One Snake, Two Snake, Red Snake……..

Posted on November 24, 2012 by Tim 5 Comments

These small earth snakes, Geophis brachycephalus, can be confused with coral snakes to the uninitiated. The confusion mounts when the snakes are fleeing which makes identifying the patterns more difficult.

Where I have found difficulty is trying to identify a group of red snakes that are completely unrelated to each other. These snakes are almost solid red with a black face mask and a white nuchal collar. There are a number of similar looking snakes but most have some sort of character that makes them easy to separate from each other. And certainly easy to separate from coral snakes. In the western amazon there are 3 species that to the best of my research are nearly identical. Internet and published photos are lacking and not good enough to get a good feel for the differences. So I have been hoping that in time I would catch enough of all 3 species that I would be able to identify them based on ‘feel’. The snakes are (forgive the lack of common names as like most herps there is no established common naming system) Drepanoides anomalus, Pseudoboa coronata, and juvenile Clelia clelia. C. clelia are a common snake extending up through parts of Central America. As adults they are a solid plain grayish/black color. They are known to get quite large and feed on other snakes, including dangerous vipers of which they possess an immunity to venom. But as young snakes they are bright red as described above. I’ve seen adults but never an intermediate stage that would suggest I’ve found one in the process of going from predominantly red to the near black adult color.

A subadult Clelia clelia has lost all juvenile red coloring and taken on a near solid black color. These large snakes can approach 3 meters long and feed on other snakes including highly venomous vipers.

I was first piqued by this trio of species when in the summer of 2009 I was herping in southeast Peru at Los Amigos Biological Station on the Rio Madre de Dios. I was coming in from a long night of hiking when I found a smallish bright red snake calmly crawling across the trail. I had known about Clelia being bright red as young so figured that was what I caught. Thankfully I took some full body shots so that I could do scale counts when I got home. Scale counting is the arcane and tedious task herpetologists use to identify snakes when individual variation or species similarity makes identification difficult. Or it helps identify something that may be new to science. And in deep Amazonian forests that is a very likely possibility. Snakes may have a wide variation in color and pattern, both in differing age classes, as well as within a population. But the number of type of scales are usually pretty stable. The number and size of scales covering a snake’s head is a somewhat unique pattern. Additionally, the number of scales that wrap around a snake from one side to the other is fairly consistent within a species. One counts the overlapping rows of scales at a point midway down a snake’s body. This is known as the midbody scale count. The types of ventral, anal, and subcaudal scales, when taken in conjunction with locality, pattern, and other characters will usually rule in or out any other species.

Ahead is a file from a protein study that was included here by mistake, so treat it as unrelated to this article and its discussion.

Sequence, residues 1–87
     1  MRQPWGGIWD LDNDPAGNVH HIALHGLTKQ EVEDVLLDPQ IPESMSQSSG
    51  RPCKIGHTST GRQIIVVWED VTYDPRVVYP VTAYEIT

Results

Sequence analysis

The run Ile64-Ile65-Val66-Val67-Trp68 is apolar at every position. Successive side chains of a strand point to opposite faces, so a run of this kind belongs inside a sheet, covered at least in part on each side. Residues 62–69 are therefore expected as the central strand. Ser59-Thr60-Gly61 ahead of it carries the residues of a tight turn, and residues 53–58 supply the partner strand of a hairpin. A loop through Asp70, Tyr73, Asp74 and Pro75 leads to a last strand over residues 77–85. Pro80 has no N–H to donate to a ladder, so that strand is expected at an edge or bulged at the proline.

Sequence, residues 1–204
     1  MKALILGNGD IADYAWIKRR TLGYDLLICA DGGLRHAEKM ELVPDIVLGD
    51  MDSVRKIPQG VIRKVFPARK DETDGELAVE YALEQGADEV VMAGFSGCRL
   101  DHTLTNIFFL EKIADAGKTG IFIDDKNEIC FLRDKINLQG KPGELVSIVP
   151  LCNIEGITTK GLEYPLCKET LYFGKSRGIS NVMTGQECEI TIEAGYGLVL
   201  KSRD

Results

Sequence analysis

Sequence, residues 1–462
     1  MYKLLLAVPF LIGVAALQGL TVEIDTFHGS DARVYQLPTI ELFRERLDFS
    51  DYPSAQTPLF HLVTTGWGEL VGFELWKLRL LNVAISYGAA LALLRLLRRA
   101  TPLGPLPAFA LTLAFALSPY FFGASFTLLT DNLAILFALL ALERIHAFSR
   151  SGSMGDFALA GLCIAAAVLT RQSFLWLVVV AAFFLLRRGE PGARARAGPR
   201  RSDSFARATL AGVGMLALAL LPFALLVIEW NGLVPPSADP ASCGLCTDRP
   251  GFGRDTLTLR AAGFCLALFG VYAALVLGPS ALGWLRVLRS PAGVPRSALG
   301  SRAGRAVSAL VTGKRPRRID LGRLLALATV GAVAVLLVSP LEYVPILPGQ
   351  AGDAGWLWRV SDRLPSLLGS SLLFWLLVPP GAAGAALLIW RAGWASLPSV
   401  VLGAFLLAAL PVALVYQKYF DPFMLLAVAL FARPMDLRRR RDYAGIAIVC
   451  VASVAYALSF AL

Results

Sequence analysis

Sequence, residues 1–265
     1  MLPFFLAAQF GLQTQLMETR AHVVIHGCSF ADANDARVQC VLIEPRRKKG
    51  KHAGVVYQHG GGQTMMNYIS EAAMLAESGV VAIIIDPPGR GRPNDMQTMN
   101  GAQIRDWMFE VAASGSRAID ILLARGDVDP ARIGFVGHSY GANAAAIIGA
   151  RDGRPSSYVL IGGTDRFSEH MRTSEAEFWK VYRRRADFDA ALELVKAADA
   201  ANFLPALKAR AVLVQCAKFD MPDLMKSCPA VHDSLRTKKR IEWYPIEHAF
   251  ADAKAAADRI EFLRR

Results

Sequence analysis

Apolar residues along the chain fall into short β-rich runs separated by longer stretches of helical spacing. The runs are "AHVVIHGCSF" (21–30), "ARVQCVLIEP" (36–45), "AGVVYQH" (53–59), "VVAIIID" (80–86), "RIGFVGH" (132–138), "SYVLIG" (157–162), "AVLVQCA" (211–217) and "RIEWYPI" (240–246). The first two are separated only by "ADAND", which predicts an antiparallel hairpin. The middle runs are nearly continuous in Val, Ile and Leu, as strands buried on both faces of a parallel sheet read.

This striking red snake crossed my path in some remote forest on the Madre de Dios river in Peru. I counted 15 midbody dorsal scale rows – Drepanoides anomalus? Thus began my red snake conundrum.

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  • samuel dery says:

    yes, and the red touch yellow tool mainly works for NA coralsnakes

  • shirley paine says:

    I have a question – I know that birds tend to breed with their own kind but are sometimes confused when in contact with another bird of unlike kind but similar in color, etc. and breed with them; although rare. Do snakes make the same “mistakes”?

  • Charlie S. says:

    Just curious, what is the type of mimicry you allude to but don’t go into? I’d like to read about it….

    • Tim says:

      Charlie, many publications on vertebrate mimicy use the coral snake models and most use the relationship between Lampropeltis elapsoides and Micrurus fulvius. That fits a simple Batesian model (if you excluse all sorts of other ecological factors). But when you look at totality of predator/prey/species diversity overlap factors things get murky. Another model, Mertensian, was suggested in the 60’s(?) to describe more of a hybrid Batesian/Mullerian model. This model described deadly Micrurus, fairly toxic Erythrolamprus, and non-toxic Lampropeltis relationships. Greene and McDiarmid suggested this be abandoned in a 1981 paper and suggested that corals and the various mimics throughout Central and South America are Batesian systems. I’m still not convinced it’s that simple and have problems with most of the studies. Do a lit search for coral snake mimicry and you will find a number of papers. I grabbed a handful of PDFs in a matter of minutes working this piece.

  • Dante says:

    Loving your blog Tim!!

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